VAT – Supply of serviced flats

Value Added Tax

D owned a company which had bought some flats around 20 years ago through an agent who has been renting them out since then.  This was D’s query:

‘It all started in August 2014 when the agent came to see me as he said he had been made aware for the first time that VAT was chargeable on the rents he had been charging on behalf of my company. He had been told about VAT Notice 709/3/13 which relates to hotels and holiday accommodation. Buried in this notice is a reference to supplies of similar establishments including ‘serviced flats’ being taxable.

I am not at all clear on what ‘serviced’ means since all flats are cleaned and the linen refreshed. It seems that if this is not done personally by the owner it then becomes a ‘serviced’ flat.  Nor am I clear on what ‘other than those for permanent residential use’ means since all of my company’s flats are solely for residential use.

The agent has a well-established client base of companies who take accommodation for their staff who occupy for periods of up to three months. If this accommodation (or similar accommodation) was not available I suppose these companies would send their staff to a hotel. These lets clearly aren’t holiday accommodation. Lets to companies represent about 80% of the total letting activity. To the best of my knowledge these lets are dealt with by an email request for accommodation from the company.

There are also lets to individuals who may occupy for a few days, a week or perhaps two weeks. Some of these come through the agent’s website or they may be walk-in business. Some of these undoubtedly are holiday lets but many are to business people in London on business and to those attending the various medical centres in the immediate vicinity.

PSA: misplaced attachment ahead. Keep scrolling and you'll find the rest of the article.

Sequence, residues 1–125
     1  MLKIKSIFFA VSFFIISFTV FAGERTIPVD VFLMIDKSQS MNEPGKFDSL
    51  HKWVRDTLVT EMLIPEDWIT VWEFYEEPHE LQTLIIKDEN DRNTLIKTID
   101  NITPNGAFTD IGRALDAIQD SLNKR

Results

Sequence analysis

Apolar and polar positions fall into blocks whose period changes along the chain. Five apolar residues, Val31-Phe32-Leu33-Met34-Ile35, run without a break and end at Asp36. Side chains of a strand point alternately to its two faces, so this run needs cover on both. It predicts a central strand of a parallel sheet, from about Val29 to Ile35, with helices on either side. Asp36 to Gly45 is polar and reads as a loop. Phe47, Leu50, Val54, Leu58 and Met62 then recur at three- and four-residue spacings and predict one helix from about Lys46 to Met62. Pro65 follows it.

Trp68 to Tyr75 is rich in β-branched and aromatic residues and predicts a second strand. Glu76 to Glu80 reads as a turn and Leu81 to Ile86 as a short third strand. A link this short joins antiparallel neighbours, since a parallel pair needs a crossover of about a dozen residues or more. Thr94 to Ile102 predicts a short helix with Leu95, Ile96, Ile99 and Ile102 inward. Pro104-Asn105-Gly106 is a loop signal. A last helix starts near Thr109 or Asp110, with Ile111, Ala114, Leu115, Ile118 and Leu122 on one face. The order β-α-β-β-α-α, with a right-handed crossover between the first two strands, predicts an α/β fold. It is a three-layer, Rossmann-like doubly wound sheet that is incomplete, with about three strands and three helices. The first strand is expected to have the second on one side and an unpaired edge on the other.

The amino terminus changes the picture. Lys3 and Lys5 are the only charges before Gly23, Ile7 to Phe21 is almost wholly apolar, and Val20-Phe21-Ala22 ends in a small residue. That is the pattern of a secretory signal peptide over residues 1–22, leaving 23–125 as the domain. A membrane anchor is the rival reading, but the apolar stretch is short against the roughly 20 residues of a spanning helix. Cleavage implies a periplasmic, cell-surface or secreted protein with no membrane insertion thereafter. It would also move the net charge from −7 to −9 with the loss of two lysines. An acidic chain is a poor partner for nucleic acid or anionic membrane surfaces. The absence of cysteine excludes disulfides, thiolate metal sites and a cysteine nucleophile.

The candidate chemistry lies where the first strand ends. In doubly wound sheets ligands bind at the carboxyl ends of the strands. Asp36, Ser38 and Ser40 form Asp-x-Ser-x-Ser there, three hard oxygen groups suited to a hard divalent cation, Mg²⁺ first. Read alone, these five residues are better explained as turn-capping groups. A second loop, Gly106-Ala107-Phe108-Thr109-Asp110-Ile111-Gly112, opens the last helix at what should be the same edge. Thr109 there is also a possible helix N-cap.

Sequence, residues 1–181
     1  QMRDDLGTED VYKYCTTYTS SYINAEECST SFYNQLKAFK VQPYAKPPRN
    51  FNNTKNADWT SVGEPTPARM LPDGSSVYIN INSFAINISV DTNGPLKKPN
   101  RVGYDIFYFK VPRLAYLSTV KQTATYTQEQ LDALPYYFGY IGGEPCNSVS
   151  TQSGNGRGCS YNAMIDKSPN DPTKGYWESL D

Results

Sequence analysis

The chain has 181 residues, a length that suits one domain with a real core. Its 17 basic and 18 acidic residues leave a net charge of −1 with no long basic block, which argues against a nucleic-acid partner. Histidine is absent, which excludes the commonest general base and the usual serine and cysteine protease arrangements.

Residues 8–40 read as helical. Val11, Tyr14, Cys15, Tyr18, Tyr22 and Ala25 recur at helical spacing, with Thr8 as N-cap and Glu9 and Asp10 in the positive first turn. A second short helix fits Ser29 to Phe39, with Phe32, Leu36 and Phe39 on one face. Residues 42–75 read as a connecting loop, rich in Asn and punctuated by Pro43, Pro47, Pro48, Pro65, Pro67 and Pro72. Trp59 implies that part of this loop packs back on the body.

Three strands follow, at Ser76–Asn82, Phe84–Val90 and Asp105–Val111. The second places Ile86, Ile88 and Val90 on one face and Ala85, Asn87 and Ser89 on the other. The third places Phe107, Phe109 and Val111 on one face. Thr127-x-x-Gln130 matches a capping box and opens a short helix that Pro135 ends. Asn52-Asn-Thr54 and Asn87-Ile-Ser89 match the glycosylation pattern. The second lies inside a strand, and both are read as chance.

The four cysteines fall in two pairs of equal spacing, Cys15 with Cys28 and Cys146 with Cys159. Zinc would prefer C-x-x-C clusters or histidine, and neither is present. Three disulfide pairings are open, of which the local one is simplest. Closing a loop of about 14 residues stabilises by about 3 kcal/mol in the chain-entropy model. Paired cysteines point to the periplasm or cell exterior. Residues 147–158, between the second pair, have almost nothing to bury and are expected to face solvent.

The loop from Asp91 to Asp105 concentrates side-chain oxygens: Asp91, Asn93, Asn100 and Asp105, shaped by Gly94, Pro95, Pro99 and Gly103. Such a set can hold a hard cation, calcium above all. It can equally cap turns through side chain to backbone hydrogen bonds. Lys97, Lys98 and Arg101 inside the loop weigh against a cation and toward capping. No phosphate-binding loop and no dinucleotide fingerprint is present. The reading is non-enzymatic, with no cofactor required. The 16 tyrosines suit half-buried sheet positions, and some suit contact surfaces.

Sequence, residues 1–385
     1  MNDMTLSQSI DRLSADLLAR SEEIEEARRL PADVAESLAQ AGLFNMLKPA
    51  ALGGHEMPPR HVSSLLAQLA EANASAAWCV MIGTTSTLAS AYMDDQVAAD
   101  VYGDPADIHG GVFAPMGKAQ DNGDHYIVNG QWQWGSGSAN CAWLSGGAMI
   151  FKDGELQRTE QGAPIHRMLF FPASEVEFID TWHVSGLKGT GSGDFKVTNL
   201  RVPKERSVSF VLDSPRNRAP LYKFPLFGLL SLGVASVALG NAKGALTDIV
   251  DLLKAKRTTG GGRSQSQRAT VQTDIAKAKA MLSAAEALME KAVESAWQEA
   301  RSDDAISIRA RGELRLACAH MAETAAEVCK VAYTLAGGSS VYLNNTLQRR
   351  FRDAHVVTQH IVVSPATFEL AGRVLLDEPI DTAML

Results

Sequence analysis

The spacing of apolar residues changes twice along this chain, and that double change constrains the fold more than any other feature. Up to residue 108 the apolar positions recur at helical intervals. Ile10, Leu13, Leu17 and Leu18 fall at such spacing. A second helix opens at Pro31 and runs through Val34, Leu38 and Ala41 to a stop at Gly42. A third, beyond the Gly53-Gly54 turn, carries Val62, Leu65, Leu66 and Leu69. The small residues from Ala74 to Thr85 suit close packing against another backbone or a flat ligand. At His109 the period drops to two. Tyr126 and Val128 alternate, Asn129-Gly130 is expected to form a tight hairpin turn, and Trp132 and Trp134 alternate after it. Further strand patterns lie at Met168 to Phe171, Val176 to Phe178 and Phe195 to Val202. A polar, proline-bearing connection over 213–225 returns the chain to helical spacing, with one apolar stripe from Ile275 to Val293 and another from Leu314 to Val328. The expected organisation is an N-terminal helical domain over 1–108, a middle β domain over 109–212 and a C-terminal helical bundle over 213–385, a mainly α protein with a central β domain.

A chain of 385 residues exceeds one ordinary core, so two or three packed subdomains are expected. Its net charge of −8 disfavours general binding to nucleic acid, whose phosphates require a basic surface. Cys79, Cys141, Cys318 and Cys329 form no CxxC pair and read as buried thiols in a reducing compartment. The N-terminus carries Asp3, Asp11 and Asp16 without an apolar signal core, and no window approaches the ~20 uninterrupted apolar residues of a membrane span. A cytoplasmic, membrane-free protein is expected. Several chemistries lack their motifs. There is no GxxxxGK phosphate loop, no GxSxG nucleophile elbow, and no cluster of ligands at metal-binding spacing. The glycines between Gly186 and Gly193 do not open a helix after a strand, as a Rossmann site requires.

The agent provides some services to tenants – he will organise airport transport for example. but this has nothing to do with my company. We are not charged for it nor for anything else that the agent does.  Obviously if he can provide additional services this may make his business more attractive and enable him to earn commission from us, but I don’t think this represents any significant part of his business as corporate clients tend to require few if any additional services.

The only ‘service’ my company provides is what is charged by the agent as the ‘servicing’ charge.  The agent explains this as follows:

‘Included within the servicing cost is the cleaner’s time to attend to clean and provide a change of linen and towels. We include this once a week. The tenants can ask for more at their cost. The tenants pay for the cleaning at the end of the stay.’

We are not providing a hotel room. We provide apartments – bedroom, lounge, bathroom, kitchen. I believe the tenants stay because we provide facilities hotels generally do not provide (separate rooms – bed, lounge, kitchen) and they don’t have to pay for facilities hotels do provide which they don’t want to be charged for.

Is the agent right that we have to charge VAT?’